Rural debt in Canavan's sights

18 Aug, 2014 04:00 AM
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Senator Matthew Canavan.
Put a chart of rural land values next to US house prices, you would struggle to tell the difference
Senator Matthew Canavan.

QUEENSLAND LNP Senator Matthew Canavan has called for a federal parliamentary inquiry into rural debt, which he says is an urgent issue being "ignored" by his urban colleagues.

On a recent tour of north-west Queensland Senator Canavan drove from Townsville to Mount Isa to investigate pertinent issues for locals.

He said the four-day trip unveiled widespread support for the proposed inquiry, which would investigate the scope of rural debt and seek practical answers.

Senator Canavan said the rural debt issues faced by Queensland over the past few years were similar to the US sub-prime mortgage crisis which sparked the US recession in 2007 following a dramatic slump in property values and excessive bank lending.

“If you put a chart of rural land values next to US house prices you would struggle to tell the difference,” he said.

"But because this has happened far from the city, it is getting ignored.”

Senator Canavan wants the Senate inquiry to examine the rural sector’s capacity to service and repay debt and what can be done to help alleviate it.

He said his office has already prepared draft terms of reference for such an inquiry, for which he gathered feedback on during this month's tour, and he believed rural debt should be a high-priority issue for the Coalition government to address.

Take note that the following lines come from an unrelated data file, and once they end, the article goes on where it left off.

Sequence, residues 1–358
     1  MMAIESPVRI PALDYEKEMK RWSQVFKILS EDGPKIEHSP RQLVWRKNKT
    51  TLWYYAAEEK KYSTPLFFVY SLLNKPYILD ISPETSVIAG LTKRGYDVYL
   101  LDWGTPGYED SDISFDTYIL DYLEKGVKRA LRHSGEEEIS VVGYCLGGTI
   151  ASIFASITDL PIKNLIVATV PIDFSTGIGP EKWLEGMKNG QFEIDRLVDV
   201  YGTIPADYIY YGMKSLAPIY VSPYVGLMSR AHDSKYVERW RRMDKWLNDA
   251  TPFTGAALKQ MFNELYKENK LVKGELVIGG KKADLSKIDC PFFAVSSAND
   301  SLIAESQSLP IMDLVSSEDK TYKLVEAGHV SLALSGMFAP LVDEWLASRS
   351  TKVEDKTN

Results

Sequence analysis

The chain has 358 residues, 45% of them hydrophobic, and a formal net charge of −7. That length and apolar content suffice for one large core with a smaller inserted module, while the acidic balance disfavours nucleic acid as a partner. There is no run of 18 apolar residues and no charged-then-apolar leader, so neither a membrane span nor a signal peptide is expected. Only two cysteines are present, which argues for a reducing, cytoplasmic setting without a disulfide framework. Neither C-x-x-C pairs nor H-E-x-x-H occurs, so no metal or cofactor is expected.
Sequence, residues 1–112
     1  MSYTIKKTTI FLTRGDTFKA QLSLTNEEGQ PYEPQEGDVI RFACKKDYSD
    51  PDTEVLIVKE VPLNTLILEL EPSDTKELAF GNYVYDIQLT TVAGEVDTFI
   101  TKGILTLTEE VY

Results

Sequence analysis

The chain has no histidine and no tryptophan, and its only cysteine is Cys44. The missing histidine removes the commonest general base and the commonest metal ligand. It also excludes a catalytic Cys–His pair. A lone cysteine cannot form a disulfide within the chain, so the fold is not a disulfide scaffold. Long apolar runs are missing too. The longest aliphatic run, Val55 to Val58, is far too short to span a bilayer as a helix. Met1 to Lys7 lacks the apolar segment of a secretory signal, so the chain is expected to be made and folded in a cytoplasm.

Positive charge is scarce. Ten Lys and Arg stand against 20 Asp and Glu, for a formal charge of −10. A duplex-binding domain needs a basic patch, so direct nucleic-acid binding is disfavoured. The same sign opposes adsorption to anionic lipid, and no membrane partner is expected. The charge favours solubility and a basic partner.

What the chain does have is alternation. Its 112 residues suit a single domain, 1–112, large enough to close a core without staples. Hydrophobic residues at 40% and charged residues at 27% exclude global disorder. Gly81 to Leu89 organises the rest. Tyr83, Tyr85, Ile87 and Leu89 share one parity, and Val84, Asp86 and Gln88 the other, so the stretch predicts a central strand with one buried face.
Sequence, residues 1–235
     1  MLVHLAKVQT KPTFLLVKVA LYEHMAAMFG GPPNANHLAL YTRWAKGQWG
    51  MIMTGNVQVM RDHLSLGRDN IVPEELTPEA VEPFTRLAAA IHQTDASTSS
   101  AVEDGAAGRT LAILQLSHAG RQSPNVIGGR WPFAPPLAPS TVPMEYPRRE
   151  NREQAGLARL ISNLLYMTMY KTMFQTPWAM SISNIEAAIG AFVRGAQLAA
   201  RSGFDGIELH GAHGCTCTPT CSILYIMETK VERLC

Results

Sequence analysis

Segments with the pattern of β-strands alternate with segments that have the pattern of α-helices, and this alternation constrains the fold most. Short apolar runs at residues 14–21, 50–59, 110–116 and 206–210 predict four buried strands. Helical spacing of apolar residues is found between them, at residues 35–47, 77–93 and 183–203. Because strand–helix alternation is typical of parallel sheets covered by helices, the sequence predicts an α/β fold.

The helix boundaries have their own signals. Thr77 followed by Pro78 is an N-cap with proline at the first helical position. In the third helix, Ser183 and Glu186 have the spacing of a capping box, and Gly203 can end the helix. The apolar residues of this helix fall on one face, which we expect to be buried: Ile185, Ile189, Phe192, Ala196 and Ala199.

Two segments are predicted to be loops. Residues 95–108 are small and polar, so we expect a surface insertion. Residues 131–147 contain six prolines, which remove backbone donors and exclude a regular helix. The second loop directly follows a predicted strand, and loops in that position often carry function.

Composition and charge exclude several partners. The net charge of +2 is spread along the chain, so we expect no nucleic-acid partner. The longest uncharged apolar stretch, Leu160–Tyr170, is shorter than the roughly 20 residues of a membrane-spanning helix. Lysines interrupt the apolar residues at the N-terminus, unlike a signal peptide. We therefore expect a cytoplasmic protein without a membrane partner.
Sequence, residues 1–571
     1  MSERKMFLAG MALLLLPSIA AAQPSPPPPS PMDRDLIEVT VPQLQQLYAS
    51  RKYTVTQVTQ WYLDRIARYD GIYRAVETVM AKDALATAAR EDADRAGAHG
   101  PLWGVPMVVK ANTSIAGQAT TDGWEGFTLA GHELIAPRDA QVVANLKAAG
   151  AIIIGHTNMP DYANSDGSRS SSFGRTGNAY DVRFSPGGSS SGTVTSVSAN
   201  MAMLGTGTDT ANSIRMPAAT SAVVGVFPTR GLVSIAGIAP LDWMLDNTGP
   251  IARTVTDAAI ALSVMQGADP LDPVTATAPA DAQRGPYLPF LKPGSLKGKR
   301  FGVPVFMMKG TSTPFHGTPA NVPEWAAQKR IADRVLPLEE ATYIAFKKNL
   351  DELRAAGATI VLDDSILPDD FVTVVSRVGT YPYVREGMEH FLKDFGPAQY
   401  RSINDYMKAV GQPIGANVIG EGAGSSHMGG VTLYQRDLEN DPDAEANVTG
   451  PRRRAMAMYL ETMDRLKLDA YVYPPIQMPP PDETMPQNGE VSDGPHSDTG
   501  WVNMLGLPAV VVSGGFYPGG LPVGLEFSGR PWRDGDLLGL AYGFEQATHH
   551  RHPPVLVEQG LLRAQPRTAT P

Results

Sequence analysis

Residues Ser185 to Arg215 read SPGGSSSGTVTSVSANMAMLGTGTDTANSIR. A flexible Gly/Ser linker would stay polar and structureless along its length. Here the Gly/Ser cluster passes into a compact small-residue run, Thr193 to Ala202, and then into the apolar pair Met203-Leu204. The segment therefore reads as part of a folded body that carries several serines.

“This is an area where my Queensland colleague Senator Barry O’Sullivan has already led the way and done great work in raising awareness,” he said.

“We need to make sure that our fellow MPs, as well as the general public, understand what a critical issue this is in the bush and at the same time talk to landholders about their views on how the problem should be tackled.”

Support sought from Leyonhjelm

NSW Liberal Democratic Party Senator David Leyonhjelm offered lukewarm support for the rural debt inquiry.

“I’d probably support an inquiry but I would be very wary about the government providing any solutions at the end of it,” he said.

“And if the proposals cost taxpayers any money then I’d be opposed to it.”

Senator David Leyonhjelm said many individual farmers may have uncomfortably high debt but the key question was: “What do you do about it?”

“The typical answer is let the government help those farmers out but nobody forced them to take on that debt,” he said.

“They did not get into trouble because of anything the government did, except for the live export guys who I have more sympathy for.

“I’m sympathetic to farmers who are in financial difficulty but it’s not sufficient to say taxpayers should bail them out.

“The reality is, if they have to sell their farms because of excessive debt, those farms will stay there and the new owners will use them again for primary production," he said.